With towering new hotels and luxury apartments taking over the skyline, a bird sanctuary is the last thing you would expect in Slave Island. Yet, this part of town is precisely that. Whenever an injured bird is spotted in the vicinity, the residents rescue it and pass it on to Firi Rahman, a well-known resident of the area.
Meet Firi: Bird Rescuer
An artist by profession, Firi Rahman, 28, divides his time between creating minutely detailed, hyper-realistic artwork, and looking after injured or juvenile birds and animals which find their way to him.
Thanks to a grandmother who loved parrots, Firi’s childhood was full of talkative birds. “I guess I got it [my love for birds] from her,” he says. “Even my dad is very supportive. He’s the one who gets them fruit most of the time.”
Rahman rescued his first bird when he was ten. It was a budgerigar that was born without a beak. Firi took it upon himself to ensure the bird survived, and learnt to eat—which it did.
From then on, his home doubled as a menagerie for not just birds, but baby squirrels and pregnant cats as well. His family is often supportive of his endeavors, except when they involve cats: his grandmother intensely dislikes felines, but tolerates them nonetheless.
The ground floor of his home is taken up by three large cages, two for new birds, and one for a moulting 16-year-old matriarch—his oldest and weakest girl. The other birds are former pets with clipped wings. They are also young, loud, and possessive, demanding his attention when they feel he is too distracted.
Engulfed by chirrups and squawks in his home, Firi hopes his neighbours have made peace with the cacophony, because as he says, “what many people don’t realise is that parrots are extremely loud creatures…and they are around for a very, very long time.”
As of now, Firi has seven parrots and a litter of newborn kittens—the most number of rescues he’s had at one go. He keeps those that are too old or injured to be released into the wild, and releases the rest once he thinks they are fit enough to survive. He also used to have baby squirrels, all of whom have been released since.
He points to two of his more recent additions, a young layard’s parakeet, and an alexandrine parrot. Both are extremely friendly and interactive, open to scritches and taking friendly nips as they groom him affectionately.
“These guys might go back to the wild in a couple of years,” he says. “They are a bit too young right now so I’m engaging with them, but over time,I’ll leave them alone a bit more, give them less attention, and try to lose touch.”
He doesn’t release parrots which have been caged and kept as pets throughout their life, as their chances of surviving in the wild are minimal. This is because they are likely to approach people, increasing the possibility of getting caged again.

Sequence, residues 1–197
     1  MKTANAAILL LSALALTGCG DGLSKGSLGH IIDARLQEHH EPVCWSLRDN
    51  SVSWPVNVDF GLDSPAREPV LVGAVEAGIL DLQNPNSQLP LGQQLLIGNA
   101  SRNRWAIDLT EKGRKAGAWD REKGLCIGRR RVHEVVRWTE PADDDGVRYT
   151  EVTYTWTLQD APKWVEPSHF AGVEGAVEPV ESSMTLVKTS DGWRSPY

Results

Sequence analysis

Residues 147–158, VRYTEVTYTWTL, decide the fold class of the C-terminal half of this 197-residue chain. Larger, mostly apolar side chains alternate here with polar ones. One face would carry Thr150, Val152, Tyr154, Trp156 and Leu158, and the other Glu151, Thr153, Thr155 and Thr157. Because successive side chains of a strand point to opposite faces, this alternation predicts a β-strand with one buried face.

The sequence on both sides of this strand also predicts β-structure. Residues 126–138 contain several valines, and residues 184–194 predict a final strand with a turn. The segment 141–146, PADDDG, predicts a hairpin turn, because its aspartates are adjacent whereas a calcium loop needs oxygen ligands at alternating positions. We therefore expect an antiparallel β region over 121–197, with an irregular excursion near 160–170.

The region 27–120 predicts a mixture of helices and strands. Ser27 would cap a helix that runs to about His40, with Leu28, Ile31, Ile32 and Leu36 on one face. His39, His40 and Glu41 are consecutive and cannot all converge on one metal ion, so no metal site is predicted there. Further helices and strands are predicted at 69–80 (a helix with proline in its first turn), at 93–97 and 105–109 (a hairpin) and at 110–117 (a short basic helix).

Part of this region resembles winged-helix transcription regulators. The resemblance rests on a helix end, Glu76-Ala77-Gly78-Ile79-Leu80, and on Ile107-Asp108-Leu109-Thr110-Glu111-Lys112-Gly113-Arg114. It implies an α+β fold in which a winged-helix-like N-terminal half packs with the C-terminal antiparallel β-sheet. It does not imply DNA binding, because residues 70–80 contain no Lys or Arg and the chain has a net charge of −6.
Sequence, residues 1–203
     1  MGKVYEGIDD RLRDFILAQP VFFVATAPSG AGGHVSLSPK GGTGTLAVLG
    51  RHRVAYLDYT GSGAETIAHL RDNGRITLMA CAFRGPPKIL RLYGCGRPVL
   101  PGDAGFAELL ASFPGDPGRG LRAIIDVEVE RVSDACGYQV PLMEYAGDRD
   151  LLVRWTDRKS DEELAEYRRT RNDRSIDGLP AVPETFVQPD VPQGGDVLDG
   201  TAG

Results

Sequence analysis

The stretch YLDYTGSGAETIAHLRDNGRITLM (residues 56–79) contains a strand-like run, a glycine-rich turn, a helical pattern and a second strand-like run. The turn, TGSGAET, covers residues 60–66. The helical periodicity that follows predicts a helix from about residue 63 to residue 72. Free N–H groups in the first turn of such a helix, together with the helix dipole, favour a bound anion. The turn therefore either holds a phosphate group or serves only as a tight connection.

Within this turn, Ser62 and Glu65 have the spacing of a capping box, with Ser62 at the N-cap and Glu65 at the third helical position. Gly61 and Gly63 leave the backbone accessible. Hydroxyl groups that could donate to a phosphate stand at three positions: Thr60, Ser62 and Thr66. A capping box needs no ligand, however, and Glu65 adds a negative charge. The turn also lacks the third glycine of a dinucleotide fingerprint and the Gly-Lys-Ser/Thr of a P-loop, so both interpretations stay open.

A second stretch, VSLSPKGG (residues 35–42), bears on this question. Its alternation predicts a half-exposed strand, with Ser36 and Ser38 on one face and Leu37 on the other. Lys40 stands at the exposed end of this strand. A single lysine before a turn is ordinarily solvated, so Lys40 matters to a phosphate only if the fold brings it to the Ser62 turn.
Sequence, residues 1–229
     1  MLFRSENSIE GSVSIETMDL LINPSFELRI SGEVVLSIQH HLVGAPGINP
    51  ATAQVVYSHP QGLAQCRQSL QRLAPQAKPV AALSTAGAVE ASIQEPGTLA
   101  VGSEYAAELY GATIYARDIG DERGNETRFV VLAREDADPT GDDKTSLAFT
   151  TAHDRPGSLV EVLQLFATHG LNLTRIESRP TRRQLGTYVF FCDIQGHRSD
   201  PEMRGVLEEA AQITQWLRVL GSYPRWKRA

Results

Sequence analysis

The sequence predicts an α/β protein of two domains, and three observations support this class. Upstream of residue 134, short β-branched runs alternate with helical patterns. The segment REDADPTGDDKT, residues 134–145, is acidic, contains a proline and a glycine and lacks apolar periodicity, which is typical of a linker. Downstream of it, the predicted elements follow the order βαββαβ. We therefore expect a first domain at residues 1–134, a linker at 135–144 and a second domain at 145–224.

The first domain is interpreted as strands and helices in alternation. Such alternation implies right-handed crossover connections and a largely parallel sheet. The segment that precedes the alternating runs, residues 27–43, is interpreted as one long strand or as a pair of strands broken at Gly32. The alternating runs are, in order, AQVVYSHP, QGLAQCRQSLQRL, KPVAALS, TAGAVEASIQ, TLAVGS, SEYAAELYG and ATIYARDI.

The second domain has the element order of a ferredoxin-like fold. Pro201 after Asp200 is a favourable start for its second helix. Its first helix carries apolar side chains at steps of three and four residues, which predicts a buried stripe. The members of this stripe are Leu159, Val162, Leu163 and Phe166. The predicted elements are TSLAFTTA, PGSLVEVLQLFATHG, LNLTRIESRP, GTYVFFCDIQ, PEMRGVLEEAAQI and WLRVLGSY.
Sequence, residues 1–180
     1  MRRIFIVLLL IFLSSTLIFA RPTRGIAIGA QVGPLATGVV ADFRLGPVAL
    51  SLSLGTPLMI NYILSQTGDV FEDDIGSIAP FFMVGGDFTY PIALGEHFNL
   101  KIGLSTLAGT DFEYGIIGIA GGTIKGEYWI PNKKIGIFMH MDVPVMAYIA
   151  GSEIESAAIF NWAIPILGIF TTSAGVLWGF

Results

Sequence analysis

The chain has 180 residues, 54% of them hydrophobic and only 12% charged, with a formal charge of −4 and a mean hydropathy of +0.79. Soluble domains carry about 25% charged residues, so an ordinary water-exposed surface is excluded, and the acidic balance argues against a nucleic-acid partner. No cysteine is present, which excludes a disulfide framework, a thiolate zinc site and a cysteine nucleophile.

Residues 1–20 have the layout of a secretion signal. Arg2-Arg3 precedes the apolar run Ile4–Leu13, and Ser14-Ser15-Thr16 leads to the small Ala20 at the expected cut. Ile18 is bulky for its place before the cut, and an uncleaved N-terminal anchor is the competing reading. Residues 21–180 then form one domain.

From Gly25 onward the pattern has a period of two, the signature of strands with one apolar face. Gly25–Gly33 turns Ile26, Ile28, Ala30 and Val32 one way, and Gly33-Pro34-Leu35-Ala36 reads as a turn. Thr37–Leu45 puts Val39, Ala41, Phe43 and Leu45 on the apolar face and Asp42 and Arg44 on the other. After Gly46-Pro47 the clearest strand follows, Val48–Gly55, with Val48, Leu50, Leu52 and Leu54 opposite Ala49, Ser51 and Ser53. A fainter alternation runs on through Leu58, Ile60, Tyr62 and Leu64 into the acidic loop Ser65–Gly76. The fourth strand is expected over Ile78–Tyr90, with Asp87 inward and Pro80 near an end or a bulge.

Finding Fosters, and Creating an Aviary
Firi takes his commitment to his birds very seriously. “I never give my parrots to anyone anyway—because I need to make sure that if I do, they are fully committed to it,” he said. “People are like ‘oh, they are very cute’, but after a while they realise the birds get very loud and that they can’t deal with that. And then, people try to release them and think it’s a good idea. But what they don’t realise is that the birds won’t have enough skills to survive in the wild like that. You have to make sure they are able to adapt to a new environment.”
So far, he has released the birds in Malwana, mainly because of the abundance of fruit—especially rambutan—in the area. Releasing them isn’t always easy either: Firi finds himself in a dilemma when the birds are healthy, but become attached to each other or have started laying eggs. While this isn’t a frequent occurrence, it is something he is faced with every now and then.
“I was going to release two of the older ones in a few weeks, but then these two became really good friends, and one of them impregnated the other parrot…so they’re like one family and I don’t know if it’s right to let them go or not,” he said.
Intelligent and communicative, and gifted with extremely good interpersonal skills, the birds require a high degree of maintenance. If anyone expresses interest in taking them off his hands, Firi asks them a set of questions, the first one being what their lifestyle and homes are like.
“Is there space, how are you going to keep them? And then I ask what their working hours are [like]. If it’s an eight hour job, you can’t have them — the birds need attention and you need to feed them every few hours,” he emphasises..
Firi’s home does not have garden space for an aviary either. To make up for this, he has made a number of modifications. He has attached wire-netting around his balcony, placed a lot of potted plants in and around the house, and has a large dry branch in the room leading to the balcony, so that when the door is left open, the birds have no dearth of things to perch on.
The older birds awaiting release are kept in the balcony with minimal contact, whereas the two younger rescues are on the ground floor. They aren’t usually caged, unless there are visitors or the doors or windows are opened.
Completely against the concept of caging—unless it’s for recuperation—he discourages people from actively seeking out baby birds for training.
“If someone’s looking for a baby, I’m assuming they’re getting it from the wild,” he said. “What I usually do is, I release my birds back into the wild once they’re fully recovered. I don’t want to release them in the city where they can land among people—where they’ll be stuck in an urban jungle and all that. I want them to be as wild as possible, have a partner, and live their own life.”